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New Bipartisan Farm Bill Emerges From Long Debate In Congress

House and Senate negotiators agreed on Monday on a new five-year farm bill.
House and Senate negotiators agreed on Monday on a new five-year farm bill.

The bill is expected to save an estimated 24 billion dollars over the next ten years. The bi-partisan compromise, two years after lawmakers started working on it, eliminates or consolidates many agriculture subsidy programs.

The largest cut of 19 billion dollars comes from farm subsidy programs including the end of a direct-payment program for farmers.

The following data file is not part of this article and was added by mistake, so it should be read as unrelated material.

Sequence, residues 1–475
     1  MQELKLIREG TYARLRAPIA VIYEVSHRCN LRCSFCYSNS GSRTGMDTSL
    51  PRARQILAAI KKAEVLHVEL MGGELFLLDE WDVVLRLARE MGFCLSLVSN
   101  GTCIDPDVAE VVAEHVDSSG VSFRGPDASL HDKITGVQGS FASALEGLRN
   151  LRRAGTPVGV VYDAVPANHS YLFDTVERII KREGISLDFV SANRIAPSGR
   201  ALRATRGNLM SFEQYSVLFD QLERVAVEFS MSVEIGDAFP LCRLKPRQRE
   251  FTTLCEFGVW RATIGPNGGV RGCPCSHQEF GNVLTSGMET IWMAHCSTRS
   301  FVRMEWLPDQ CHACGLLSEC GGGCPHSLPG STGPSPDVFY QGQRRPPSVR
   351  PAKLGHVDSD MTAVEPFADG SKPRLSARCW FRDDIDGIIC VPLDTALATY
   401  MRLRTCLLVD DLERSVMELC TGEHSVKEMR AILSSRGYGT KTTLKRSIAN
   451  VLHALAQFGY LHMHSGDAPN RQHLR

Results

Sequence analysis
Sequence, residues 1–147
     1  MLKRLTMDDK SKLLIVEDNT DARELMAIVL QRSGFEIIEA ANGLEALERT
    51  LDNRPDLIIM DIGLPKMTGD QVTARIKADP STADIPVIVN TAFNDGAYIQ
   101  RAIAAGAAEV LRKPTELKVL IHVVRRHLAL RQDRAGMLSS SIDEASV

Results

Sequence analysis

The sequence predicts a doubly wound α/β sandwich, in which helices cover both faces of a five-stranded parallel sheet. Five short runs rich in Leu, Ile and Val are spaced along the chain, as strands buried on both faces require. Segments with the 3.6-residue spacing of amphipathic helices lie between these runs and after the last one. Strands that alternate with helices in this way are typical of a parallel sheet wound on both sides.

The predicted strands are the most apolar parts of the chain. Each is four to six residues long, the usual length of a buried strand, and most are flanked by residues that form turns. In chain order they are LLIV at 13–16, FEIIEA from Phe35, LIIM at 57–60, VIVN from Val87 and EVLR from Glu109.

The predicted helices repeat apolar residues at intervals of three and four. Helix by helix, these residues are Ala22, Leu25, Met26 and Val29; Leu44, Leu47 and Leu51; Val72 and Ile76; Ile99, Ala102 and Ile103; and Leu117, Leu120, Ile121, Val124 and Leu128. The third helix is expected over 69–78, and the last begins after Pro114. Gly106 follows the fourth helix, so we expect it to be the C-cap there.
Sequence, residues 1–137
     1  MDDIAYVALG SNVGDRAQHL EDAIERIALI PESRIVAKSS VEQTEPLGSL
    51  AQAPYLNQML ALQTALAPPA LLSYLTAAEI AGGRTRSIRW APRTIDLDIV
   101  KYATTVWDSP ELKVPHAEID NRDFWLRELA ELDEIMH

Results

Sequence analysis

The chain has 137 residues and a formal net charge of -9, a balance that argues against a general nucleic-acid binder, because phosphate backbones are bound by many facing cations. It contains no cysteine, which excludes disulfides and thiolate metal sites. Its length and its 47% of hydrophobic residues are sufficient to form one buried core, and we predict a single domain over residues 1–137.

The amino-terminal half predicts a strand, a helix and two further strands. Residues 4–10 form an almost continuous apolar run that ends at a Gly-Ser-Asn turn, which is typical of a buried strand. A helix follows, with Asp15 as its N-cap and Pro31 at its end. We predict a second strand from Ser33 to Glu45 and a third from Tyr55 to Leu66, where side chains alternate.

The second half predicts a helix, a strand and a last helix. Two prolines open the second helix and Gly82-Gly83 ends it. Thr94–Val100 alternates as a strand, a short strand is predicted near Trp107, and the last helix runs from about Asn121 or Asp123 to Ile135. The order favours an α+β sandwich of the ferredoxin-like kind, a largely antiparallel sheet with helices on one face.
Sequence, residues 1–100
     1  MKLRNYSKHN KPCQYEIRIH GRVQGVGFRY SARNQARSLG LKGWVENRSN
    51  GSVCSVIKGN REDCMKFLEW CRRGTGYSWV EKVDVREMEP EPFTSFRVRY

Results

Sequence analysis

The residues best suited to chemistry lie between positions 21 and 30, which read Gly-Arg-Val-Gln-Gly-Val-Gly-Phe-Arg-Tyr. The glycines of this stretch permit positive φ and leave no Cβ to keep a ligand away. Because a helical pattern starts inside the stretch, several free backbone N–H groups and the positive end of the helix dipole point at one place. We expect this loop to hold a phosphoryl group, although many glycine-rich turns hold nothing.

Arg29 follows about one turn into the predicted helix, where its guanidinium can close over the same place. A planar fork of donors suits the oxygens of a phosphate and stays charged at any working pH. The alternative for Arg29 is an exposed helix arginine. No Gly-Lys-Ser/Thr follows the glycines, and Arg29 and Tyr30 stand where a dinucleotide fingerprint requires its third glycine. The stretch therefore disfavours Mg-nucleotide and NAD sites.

The bill preserves the supplemental nutrition assistance program, known as food stamps, for most Americans, but cuts the benefits by about nine billion dollars over a decade largely by closing a loophole. It's well below the 40 billion dollars house republicans wanted to eliminate.

The measure continues to heavily subsidize major crops like corn, wheat and rice. It also overhauls dairy policy including the creation a new insurance program for dairy farmers.

The house will likely vote on the legislation on Wednesday. It's not clear when the senate will take up the measure.
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